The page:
Last week on National Public Radio’s highly addictive rock and roll talk show “Sound Opinions” pop writers Greg Kot (Chicago Tribune) and Jim DeRogatis (Chicago Sun Times) discussed and listed their favorite album openers of all time. The two music geeks bantered over the importance of a solid opening track and put together an impressive short list of their personal picks–a diverse collection ranging from Aretha Franklin’s “Think” to N.W.A’s “Straight Outta Compton.” When the hour-long broadcast reached its close I started putting together my own mental list of songs that were ignored (for those curious The Rolling Stone’s “Rocks Off,” “Debaser” by The Pixies, Dylan’s “Tangled Up In Blue,” U2’s “Where the Streets Have No Name,” Zeppelin’s “The Song Remains the Same,” and The Smith’s “The Headmaster Ritual” came to mind). Then I began pondering over an equally important roster of tracks; album closers.
The beautiful thing about a truly great album has always been the way it opens and closes. Similar to a great film or riveting literature, the best albums are the ones with opening tracks that draw you in and breathtaking final acts that reward you for your time and keep you yearning for more. Great closing tracks should in many ways sum up the albums meaning or bring closure to overall themes, the song should resonate with the listener long after its over warranting the albums revisit, and above all the album’s climax should blow the listener away.
Bruce Springsteen has long been revered as one of rock’s masterful storytellers and Born To Run conveyed the feelings of youth angst and romanticized life on the streets of the American city with a grandiose level of detail and perfection rarely heard on records today. The Boss’ “opera out on the turnpike” comes to an end with the magnificent “Jungleland,” a lush and evocative look at gang violence. The track is one of the greatest moments in rock history because it closes the record with an epic bang and showed us that after three albums Springsteen had finally found his niche as a socially conscious, everyman’s raconteur.
I’ve also noticed that some album closers serve as a mysterious peek into another side of an artist’s gamut. Nirvana’s Nevermind closes with the somber and haunting “Something in the Way,” a song that showed that Cobain could just as easily exorcize his inner demons with grace rather than rage. On Stories From the City, Stories From the Sea, fiery blues-punk singer/songwriter P J Harvey broke away from her previous styles, introducing a new softer but equally poetic side. The album’s dreamy closer “We Float” is a ballad that isn’t afraid to showcase Harvey’s beautiful vocal range, which was absent on previous records that played up the raw side of this versatile artist.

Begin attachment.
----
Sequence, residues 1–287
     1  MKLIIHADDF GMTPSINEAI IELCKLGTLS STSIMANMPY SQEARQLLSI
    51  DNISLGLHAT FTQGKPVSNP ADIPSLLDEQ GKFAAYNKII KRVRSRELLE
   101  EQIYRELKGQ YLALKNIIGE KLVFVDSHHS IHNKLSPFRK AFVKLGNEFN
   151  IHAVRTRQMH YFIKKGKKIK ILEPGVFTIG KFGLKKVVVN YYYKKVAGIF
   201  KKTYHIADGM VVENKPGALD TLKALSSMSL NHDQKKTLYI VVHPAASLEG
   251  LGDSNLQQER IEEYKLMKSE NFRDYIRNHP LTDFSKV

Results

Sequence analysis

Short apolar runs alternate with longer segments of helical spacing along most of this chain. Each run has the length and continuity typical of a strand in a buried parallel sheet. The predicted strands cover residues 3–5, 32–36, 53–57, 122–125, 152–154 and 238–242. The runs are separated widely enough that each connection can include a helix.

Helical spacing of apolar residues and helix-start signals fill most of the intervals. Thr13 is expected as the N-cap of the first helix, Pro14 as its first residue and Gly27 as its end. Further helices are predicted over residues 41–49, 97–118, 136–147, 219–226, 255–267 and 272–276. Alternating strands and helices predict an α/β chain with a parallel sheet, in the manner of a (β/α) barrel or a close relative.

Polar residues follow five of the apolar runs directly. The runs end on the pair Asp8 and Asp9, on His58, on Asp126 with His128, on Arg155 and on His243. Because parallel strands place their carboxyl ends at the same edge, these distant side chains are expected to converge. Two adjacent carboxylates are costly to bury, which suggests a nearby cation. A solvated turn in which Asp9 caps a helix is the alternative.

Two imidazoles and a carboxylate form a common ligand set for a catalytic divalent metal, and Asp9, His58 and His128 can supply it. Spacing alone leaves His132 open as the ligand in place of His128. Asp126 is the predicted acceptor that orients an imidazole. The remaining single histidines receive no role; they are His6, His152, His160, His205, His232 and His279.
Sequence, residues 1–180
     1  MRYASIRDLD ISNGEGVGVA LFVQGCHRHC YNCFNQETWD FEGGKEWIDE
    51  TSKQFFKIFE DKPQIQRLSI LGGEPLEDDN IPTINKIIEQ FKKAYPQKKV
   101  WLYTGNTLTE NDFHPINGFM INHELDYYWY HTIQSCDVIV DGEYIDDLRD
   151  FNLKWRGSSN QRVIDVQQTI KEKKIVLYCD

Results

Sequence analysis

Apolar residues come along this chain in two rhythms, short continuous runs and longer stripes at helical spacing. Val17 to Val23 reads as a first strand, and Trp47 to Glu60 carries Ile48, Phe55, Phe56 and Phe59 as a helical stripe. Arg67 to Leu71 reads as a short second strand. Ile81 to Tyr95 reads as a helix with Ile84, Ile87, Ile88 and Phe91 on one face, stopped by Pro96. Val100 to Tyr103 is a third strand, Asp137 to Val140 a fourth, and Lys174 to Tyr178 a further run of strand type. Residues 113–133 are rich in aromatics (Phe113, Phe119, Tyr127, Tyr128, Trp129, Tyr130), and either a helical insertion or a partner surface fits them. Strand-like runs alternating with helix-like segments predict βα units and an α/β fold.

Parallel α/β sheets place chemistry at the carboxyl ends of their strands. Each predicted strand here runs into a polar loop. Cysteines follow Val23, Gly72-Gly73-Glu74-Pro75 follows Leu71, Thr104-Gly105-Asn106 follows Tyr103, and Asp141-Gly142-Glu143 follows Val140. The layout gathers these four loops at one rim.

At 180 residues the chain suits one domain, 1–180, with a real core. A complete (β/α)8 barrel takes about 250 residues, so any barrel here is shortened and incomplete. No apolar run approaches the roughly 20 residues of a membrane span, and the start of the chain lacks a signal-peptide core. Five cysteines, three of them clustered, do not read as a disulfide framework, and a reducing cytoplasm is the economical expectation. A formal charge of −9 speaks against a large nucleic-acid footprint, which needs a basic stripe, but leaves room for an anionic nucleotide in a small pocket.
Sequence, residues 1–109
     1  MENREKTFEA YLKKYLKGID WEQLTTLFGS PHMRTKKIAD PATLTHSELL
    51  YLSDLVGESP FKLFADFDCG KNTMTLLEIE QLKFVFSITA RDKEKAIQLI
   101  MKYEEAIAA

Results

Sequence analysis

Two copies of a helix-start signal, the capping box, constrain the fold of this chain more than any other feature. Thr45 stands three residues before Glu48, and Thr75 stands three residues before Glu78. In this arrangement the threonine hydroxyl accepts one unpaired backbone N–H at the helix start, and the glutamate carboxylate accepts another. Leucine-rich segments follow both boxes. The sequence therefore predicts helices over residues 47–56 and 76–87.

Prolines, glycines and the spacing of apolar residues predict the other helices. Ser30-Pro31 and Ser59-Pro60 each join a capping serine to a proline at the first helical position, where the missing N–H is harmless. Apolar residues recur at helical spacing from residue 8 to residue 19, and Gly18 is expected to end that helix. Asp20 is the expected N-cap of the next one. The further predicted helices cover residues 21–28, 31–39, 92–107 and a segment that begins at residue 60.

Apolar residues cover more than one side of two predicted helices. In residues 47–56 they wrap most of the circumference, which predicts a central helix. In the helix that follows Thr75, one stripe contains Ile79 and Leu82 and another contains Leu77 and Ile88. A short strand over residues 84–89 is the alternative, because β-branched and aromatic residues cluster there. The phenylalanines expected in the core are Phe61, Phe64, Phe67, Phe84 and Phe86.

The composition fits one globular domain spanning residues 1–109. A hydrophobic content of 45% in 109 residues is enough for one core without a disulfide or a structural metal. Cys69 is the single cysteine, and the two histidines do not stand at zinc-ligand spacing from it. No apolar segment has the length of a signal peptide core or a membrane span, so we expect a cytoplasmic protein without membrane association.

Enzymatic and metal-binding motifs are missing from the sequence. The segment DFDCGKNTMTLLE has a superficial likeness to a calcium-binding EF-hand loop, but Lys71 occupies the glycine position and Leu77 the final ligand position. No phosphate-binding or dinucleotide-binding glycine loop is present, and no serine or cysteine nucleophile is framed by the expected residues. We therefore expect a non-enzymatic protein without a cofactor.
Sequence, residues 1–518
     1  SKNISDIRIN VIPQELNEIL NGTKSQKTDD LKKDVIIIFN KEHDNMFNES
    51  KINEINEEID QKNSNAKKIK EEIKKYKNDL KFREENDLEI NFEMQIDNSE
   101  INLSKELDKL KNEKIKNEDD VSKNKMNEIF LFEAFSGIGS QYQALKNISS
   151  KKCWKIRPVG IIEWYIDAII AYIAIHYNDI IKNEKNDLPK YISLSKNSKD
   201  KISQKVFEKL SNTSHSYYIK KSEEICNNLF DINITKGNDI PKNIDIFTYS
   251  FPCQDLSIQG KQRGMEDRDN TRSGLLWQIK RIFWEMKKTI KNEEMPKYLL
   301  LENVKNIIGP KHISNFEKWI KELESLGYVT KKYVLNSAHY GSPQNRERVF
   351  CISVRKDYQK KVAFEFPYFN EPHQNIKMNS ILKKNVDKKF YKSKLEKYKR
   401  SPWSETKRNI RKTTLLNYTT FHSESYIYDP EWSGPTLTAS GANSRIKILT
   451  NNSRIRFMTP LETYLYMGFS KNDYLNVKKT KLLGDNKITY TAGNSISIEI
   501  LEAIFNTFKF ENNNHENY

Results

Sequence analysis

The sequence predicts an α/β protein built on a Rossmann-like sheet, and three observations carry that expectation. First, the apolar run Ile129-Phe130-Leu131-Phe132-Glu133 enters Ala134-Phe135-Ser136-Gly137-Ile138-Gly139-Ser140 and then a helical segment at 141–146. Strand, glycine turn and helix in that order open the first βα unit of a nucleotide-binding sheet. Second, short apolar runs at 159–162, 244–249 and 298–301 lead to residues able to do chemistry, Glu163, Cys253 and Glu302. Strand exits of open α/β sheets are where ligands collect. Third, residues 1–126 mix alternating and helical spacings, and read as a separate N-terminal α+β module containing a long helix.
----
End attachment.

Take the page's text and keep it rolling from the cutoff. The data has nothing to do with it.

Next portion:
Sometimes album closers serve as a window into a band’s future, giving us a taste of what’s to come or what else the band is capable of. In my personal experience this is often the case with breakthrough debut albums.
I’ll always remember the first time I heard Weezer’s breakthrough self-titled album (Blue) when I was just beginning to truly explore the world of music. Here’s a disc that even today remains a perfect album. It opens with the bang that is “My Name is Jonas” and finishes with the slow building epic “Only In Dreams,” a song that was such a complete 180 of the album’s previous straight pop cuts that it showed not only the band’s musical range but also the possibility that its follow up album may just be a horse of a different color (sure enough 1996’s equally masterful Pinkerton showed even more diversity in sound).
It’s become a bit cliché to say that in the day of digital music “the album is dead” and frankly this statement just is not true. Sure the way we listen to music has changed but the art of a solid album is still alive and well. Like you my iPod has a slew of random playlists and my car is littered with old mix CDs, however nothing beats the feeling I get after I’ve absorbed a carefully crafty and brilliant album. It’s through these riveting records that one can truly be transported into the artists world, even if just for 70-minutes.
Other notable closing tracks:
“Release”—Pearl Jam (Ten)
“Oh Yoko!”—John Lennon (Imagine)
“Subterraneans”—David Bowie (Low)
“Hurt”—Nine Inch Nails (Downward Spiral)
“The Miseducation of Lauryn Hill”—Lauryn Hill (The Miseducation of Lauryn Hill)
“A Day in the Life”—The Beatles (Sgt. Pepper’s Lonely Hearts Club Band)
“Moonlight Mile”—The Rolling Stones (Sticky Fingers)
“Street Spirit (Fade Out)”—Radiohead (The Bends)
“Here Comes a Regular”—The Replacements (Tim)
“Havolina”—The Pixies (Bossanova)
“In The Back Seat”—Arcade Fire (Funeral)
“This Must Be the Place (Naïve Melody)”—Talking Heads (Speaking In Tongues)
“I Am the Resurrection”—The Stone Roses (The Stone Roses)
“Adore”—Prince (Sign of the Times)
“Reservations”—Wilco (Yankee Hotel Foxtrot)
“Reoccurring Dreams”—Hüsker Dü (Zen Arcade)
“I Believe (When I Fall in Love It Will Be Forever)”—Stevie Wonder (Talking Book)